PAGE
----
However, if things go according to plan Love Street will soon be sold for retail development to pay off the clubs spiralling debts and fund a new purpose built stadium in the Greenhill Road area of Paisley. Saints chairman Stewart Gilmour claims that the move is essential to the long-term survival of the club.

On paper, the proposed new ground looks as sterile as any other new build stadium and lacks the quirky features that makes Love Street so appealing. However, with the financial situation as it is, this is the best option available.

Greenhill Road will eventually boast a 10,000-seat stadium, costing in the region of £8 million. The ground will be closely modelled on Airdrie United’s New Broomfield stadium with four separate single tiered stands. In addition, it is thought that indoor training and leisure facilities will be created along with 5-a-side pitches for the club and local residents to use. Greenfield Road is half a mile away from the club’s current Love Street site.

While this all sounds good in theory, St Mirren haven’t actually sold Love Street yet, although they are in talks with a couple of interested supermarket chains. Subsequently, work has yet to start on the stadium in Greenhill Road yet the club are still maintaining that they will be in their new home for the start of the 2007-08 season.

The next few months will be crucial for the Paisley club, both on and off the field. Not only do they need to maintain their dominant form in the league but it is essential that the sale of Love Street is pushed through soon – if only for the sake of the clubs finances.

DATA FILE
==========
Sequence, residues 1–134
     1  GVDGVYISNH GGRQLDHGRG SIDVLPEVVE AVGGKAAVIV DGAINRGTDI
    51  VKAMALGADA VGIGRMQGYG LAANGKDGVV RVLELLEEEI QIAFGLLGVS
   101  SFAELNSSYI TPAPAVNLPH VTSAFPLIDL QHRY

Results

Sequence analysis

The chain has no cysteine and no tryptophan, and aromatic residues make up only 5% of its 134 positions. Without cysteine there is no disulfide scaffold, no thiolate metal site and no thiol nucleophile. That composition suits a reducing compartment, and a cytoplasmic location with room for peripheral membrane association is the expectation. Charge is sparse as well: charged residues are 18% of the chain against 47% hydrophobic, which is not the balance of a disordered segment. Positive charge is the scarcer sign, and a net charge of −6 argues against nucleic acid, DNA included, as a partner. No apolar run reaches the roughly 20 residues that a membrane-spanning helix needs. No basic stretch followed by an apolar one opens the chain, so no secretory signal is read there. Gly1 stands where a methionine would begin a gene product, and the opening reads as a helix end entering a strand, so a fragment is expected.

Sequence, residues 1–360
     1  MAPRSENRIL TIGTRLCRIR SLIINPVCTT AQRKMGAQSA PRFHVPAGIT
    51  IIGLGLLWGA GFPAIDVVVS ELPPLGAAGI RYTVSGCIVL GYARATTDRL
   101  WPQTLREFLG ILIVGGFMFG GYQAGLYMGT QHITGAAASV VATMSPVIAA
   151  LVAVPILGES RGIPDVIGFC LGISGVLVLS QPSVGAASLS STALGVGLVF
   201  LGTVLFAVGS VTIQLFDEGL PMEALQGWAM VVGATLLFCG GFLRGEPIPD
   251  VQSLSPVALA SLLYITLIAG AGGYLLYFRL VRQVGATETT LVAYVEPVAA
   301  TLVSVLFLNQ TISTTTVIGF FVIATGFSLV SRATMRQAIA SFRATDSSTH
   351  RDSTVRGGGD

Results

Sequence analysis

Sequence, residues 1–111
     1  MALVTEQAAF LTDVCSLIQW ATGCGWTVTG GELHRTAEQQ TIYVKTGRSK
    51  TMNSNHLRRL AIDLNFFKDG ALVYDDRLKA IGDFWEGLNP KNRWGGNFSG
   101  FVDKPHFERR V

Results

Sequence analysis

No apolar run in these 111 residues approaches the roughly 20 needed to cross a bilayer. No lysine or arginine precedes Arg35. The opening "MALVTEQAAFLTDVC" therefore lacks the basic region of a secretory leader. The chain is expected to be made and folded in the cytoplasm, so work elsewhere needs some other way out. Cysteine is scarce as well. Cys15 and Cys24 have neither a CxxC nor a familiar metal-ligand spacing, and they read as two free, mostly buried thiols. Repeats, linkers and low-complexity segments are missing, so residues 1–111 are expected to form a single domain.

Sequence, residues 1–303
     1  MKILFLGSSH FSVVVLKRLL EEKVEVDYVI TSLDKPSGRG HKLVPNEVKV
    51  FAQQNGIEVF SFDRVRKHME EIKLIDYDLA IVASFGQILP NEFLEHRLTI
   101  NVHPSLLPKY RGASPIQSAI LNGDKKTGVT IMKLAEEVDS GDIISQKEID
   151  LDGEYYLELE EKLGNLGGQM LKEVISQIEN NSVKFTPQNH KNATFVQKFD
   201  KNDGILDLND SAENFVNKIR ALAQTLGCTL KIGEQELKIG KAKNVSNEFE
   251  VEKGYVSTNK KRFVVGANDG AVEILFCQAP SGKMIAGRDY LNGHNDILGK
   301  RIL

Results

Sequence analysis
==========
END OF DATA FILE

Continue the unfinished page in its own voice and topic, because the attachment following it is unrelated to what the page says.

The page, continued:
1877 – St Mirren formed

1894 – Moved to Love Street

1905 – Bought Love Street for £3,900

1921 – Main Stand opened

1949 – Record attendance of 47,438 against Celtic in League Cup

1959 – Floodlights turned on for cup tie versus Peebles.

1977 – Love Street designated under the Safety of Sports Grounds Act

1990 – Ordered to close West Terrace after Taylor Report

1995 – Caledonia Stand opened

2000 –  Reid Kerr College Stand opened


Paisley Museum and St Mirren Independent Supporters Association (SMISA) are planning an exhibition to commemorate the club’s 112-year connection with Love Street. The exhibition – planned for May 2006 – will demonstrate how the fortunes of the town of Paisley and those of St Mirren have been interwoven together during the last century.

Supporters with memories, anecdotes or memorabilia related to St Mirren and Love Street in particular are being asked to get in touch with event organisers to help make it a success.


Share this:
Shopping Basket
Pre-Order Form

Dirty Old Town